Sunday, July 28, 2013
The Ambiguous Case Activities
The ambiguous case is one of the most difficult concepts to get across to Geometry students. When I teach congruent triangles, I think that some of the students are convinced that they can't use the ASS Theorem to prove triangles congruent simply because I don't want them to write bad words on their paper! (No matter how many times I try to explain it!!!)
Then when you actually try to explain to Algebra 2 or Pre Calculus students the SSA case (have you noticed that it is never written as the ASS case? LOL) their heads start to explode!
I started my search online and came across a couple of things...
1) a really great explanation of the ambiguous case can be found at the regents prep center
Ambiguous Case Explanation
2) A really great activity that even geometry students can use to explore the ambiguous case (see this link Ambiguous Case with Pipe Cleaners ) The basic idea is that you give the students two pipe cleaners to start with. They must also start with a given angle - they use 30 degrees in this example. Then students try shortening one of the pipe cleaners by 1 inch intervals. After the students shorten the pipe cleaner a few times, they will get to a point where two triangles can be formed - in other words, being given an angle, a side, and a side does not guarantee that two triangles will be congruent. Although not all geometry students are ready to see the trig involved, (especially during the beginning of the school year when we study congruent triangles), I think that they can see by experimentation that two triangles can be formed in certain situations. I am definitely trying this out this year!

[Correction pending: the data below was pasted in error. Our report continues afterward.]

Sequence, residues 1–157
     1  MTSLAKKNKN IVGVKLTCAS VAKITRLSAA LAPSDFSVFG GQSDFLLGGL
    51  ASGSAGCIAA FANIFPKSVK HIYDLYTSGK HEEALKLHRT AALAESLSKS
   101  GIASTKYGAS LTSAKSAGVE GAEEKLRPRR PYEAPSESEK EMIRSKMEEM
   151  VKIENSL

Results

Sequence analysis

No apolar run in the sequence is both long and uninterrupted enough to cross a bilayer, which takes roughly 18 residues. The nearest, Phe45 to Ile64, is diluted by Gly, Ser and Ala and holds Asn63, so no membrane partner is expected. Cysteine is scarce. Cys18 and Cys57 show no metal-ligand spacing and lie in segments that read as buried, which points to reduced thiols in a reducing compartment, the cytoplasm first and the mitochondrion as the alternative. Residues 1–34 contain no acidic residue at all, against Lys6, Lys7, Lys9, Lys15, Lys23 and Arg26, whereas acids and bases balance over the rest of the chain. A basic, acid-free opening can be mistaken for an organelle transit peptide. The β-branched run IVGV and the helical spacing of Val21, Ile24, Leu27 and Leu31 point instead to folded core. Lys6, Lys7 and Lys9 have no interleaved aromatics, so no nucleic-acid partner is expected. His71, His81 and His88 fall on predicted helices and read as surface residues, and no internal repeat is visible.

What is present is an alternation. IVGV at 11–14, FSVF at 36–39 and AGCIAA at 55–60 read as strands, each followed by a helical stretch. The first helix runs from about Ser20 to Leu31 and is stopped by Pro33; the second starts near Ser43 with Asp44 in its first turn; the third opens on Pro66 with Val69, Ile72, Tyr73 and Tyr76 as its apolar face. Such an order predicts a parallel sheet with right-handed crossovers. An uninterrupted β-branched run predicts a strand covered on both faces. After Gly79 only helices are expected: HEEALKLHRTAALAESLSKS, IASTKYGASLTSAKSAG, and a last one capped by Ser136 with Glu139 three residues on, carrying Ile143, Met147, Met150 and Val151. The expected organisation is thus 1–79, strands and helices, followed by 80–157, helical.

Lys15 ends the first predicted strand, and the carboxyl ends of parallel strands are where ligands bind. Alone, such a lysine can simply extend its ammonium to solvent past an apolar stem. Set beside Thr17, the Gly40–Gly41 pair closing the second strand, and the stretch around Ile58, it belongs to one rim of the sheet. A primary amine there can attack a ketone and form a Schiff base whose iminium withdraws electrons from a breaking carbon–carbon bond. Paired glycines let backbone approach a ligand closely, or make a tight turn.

Here are a couple of other links that I found for other possible activities.
3) Ambiguous case activity with paper fasteners and construction paper. Ambiguous Case Activity
4) Here is a link to a calculator activity that you can use with your TI-Nspire - you could even just use it as a visual representation if you don't want to take the time for all the students to do it on their own. Calculator Ambiguous Case
5) Finally, here is a real world example from the CK-12 Book that would be a good starting point for your lesson.